# xor

Logical XOR for symbolic expressions

## Syntax

``xor(A,B)``

## Description

example

````xor(A,B)` represents the logical exclusive disjunction. `xor(A,B)` is true when either `A` or `B` is true. If both `A` and `B` are true or false, `xor(A,B)` is false.```

## Examples

### Set and Evaluate Condition

Combine two symbolic inequalities into a logical expression using `xor`.

```syms x range = xor(x > -10, x < 10);```

Replace variable `x` with 11 and 0. If you replace `x` with 11, then inequality `x > -10` is valid and ```x < 10``` is invalid. If you replace `x` with 0, both inequalities are valid. Note that `subs` only substitutes the numeric values into the inequalities. It does not evaluate the inequalities to logical `1` or `0`.

```x1 = subs(range,x,11) x2 = subs(range,x,0)```
```x1 = -10 < 11 xor 11 < 10 x2 = -10 < 0 xor 0 < 10```

To evaluate these inequalities to logical `1` or `0`, use `isAlways`. If only one inequality is valid, the expression with `xor` evaluates to logical `1`. If both inequalities are valid, the expression with `xor` evaluates to logical `0`.

```isAlways(x1) isAlways(x2)```
```ans = logical 1 ans = logical 0```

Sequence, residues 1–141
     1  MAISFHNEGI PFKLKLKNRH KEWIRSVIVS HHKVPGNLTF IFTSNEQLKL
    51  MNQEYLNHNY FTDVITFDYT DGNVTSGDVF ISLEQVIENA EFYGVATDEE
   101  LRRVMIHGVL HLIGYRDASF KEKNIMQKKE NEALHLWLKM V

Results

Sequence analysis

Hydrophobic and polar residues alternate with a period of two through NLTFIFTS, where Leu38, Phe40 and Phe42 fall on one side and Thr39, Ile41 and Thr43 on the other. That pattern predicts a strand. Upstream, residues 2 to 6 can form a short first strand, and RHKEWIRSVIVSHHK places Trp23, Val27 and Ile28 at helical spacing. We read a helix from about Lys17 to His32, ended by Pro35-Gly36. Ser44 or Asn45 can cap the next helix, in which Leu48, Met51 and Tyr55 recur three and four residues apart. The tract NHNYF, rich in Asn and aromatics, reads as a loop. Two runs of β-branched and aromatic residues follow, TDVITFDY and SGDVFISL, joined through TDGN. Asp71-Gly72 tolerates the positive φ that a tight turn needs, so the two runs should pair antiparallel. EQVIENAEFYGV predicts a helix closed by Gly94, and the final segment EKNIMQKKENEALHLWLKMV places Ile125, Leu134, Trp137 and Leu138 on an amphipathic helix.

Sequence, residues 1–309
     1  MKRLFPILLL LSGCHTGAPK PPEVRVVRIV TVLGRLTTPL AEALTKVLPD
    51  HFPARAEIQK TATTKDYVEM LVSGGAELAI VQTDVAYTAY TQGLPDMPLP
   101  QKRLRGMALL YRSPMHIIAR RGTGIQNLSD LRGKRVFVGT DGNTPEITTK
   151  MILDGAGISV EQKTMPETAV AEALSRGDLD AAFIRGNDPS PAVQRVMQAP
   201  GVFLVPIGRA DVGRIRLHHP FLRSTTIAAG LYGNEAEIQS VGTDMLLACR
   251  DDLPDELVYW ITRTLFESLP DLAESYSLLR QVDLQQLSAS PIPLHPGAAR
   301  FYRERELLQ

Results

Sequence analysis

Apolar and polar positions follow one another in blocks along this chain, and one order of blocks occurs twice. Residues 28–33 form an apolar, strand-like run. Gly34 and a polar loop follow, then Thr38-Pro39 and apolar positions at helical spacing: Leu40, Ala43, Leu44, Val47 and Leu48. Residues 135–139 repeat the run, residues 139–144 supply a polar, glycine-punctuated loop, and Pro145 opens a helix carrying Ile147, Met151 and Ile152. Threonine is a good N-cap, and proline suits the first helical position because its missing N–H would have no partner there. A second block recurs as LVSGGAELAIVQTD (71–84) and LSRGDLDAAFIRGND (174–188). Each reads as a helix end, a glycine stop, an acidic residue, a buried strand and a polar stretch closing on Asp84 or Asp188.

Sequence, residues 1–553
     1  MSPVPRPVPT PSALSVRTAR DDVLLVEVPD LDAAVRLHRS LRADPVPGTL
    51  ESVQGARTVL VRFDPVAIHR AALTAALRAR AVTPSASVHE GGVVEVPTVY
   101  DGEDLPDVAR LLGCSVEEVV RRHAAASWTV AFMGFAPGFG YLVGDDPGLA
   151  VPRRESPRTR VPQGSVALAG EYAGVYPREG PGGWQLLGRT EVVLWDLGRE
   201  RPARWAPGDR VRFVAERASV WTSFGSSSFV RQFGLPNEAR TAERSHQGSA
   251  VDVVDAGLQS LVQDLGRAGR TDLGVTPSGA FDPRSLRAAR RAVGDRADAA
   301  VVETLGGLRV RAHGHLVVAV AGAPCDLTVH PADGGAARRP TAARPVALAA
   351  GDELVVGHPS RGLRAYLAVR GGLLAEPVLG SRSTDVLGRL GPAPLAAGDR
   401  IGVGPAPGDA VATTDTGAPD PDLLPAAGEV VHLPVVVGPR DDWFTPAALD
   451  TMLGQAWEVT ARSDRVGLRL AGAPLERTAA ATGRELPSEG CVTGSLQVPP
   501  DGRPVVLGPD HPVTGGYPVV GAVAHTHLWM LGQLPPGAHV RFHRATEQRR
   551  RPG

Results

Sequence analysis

Note that `simplify` does not simplify these logical expressions to logical `1` or `0`. Instead, simplify returns symbolic constants `symtrue` or `symfalse`.

```s1 = simplify(x1) s2 = simplify(x2)```
```s1 = symtrue s2 = symfalse```

Convert symbolic `symtrue` or `symfalse` to logical values using `logical`.

```logical(s1) logical(s2)```
```ans = logical 1 ans = logical 0```

## Input Arguments

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Operands, specified as symbolic equations, inequalities, expressions, or arrays. Inputs `A` and `B` must either be the same size or have sizes that are compatible (for example, `A` is an `M`-by-`N` matrix and `B` is a scalar or `1`-by-`N` row vector). For more information, see Compatible Array Sizes for Basic Operations.

## Compatibility Considerations

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Behavior changed in R2016b